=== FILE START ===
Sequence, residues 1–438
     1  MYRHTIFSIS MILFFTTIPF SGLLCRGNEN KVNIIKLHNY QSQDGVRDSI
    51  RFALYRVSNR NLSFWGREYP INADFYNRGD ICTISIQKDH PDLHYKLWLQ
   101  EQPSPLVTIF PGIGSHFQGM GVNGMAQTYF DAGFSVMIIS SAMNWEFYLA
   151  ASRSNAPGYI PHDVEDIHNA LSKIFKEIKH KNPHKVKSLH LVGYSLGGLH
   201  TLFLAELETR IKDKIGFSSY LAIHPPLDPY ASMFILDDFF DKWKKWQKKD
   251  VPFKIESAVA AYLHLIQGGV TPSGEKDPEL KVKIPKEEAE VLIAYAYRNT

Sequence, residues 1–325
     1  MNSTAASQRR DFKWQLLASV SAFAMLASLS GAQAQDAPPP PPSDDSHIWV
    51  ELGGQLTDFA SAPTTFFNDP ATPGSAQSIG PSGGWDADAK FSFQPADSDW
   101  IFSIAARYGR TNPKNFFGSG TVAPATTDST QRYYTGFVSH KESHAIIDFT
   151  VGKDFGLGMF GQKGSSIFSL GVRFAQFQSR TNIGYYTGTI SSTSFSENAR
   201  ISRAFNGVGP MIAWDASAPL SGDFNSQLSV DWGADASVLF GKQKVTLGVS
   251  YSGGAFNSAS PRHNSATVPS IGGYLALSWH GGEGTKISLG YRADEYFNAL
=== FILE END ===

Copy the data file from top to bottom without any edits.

Sequence, residues 1–438
     1  MYRHTIFSIS MILFFTTIPF SGLLCRGNEN KVNIIKLHNY QSQDGVRDSI
    51  RFALYRVSNR NLSFWGREYP INADFYNRGD ICTISIQKDH PDLHYKLWLQ
   101  EQPSPLVTIF PGIGSHFQGM GVNGMAQTYF DAGFSVMIIS SAMNWEFYLA
   151  ASRSNAPGYI PHDVEDIHNA LSKIFKEIKH KNPHKVKSLH LVGYSLGGLH
   201  TLFLAELETR IKDKIGFSSY LAIHPPLDPY ASMFILDDFF DKWKKWQKKD
   251  VPFKIESAVA AYLHLIQGGV TPSGEKDPEL KVKIPKEEAE VLIAYAYRNT

Sequence, residues 1–325
     1  MNSTAASQRR DFKWQLLASV SAFAMLASLS GAQAQDAPPP PPSDDSHIWV
    51  ELGGQLTDFA SAPTTFFNDP ATPGSAQSIG PSGGWDADAK FSFQPADSDW
   101  IFSIAARYGR TNPKNFFGSG TVAPATTDST QRYYTGFVSH KESHAIIDFT
   151  VGKDFGLGMF GQKGSSIFSL GVRFAQFQSR TNIGYYTGTI SSTSFSENAR
   201  ISRAFNGVGP MIAWDASAPL SGDFNSQLSV DWGADASVLF GKQKVTLGVS
   251  YSGGAFNSAS PRHNSATVPS IGGYLALSWH GGEGTKISLG YRADEYFNAL